A number of laboratories offer testing for toxic metals (Pb, Hg, Cd, As, etc.) through blood, urine, hair and stool samples. Because they’ve been around longer than any of the synthetic chemicals, we know more about the health effects of heavy metals than any other group of toxins and a generous list of conditions and symptoms are being attributed to metal toxicities. These toxicities are real, and we all need to avoid new exposures and some people need therapy aimed at pulling these metals out of us. The trick is figuring out who that is.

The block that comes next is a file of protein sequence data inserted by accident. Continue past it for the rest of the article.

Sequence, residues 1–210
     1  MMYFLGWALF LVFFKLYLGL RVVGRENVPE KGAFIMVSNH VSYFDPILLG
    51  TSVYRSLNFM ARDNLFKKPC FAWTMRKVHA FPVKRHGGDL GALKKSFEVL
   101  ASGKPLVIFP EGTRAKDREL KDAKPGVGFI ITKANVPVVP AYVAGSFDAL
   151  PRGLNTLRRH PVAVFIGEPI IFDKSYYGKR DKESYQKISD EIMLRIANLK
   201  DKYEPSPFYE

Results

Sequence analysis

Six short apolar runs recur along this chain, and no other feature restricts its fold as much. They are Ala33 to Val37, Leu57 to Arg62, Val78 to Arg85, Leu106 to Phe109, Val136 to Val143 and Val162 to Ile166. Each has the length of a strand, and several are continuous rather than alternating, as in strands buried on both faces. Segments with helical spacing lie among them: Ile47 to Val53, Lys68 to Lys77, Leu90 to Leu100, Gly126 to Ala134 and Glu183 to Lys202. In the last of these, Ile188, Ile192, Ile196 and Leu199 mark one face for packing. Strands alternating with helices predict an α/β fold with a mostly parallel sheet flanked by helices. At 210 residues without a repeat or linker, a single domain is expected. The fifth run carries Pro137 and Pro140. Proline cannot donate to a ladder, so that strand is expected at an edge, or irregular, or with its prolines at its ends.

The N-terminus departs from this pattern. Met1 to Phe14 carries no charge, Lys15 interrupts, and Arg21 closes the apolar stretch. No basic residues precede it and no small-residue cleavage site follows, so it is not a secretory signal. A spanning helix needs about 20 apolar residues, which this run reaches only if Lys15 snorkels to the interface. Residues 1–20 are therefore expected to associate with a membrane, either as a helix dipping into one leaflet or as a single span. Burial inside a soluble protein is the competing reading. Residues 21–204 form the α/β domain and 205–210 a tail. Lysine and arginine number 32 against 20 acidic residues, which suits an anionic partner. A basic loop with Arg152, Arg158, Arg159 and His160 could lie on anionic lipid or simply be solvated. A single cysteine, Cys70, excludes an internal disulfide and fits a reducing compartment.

Enter chelation. There’s little if any doubt that chelating agents (DMSA, EDTA, DMPS, etc.) bind to and increase the urinary and stool excretion of various metals (both toxic and non-). However, with only two recent exceptions (discussed below), the labs performing this testing have conventionally used some underhanded hokus-pokus to make the results look worse than they are. How did they do this? The labs have typically reported chelation-provoked sample results and unprovoked samples on the same reference range. That may not sound bad, but it’s a “big no-no” in medicine. The result of comparing chelation-challenged toxic metal testing to the “normal” unprovoked ranges (which themselves are internally established) is the common appearance of shockingly high levels of the poisonous metals. Continue reading “Heavy Metal Testing, Chelation Provoked Samples & Irrelevant Reference Ranges”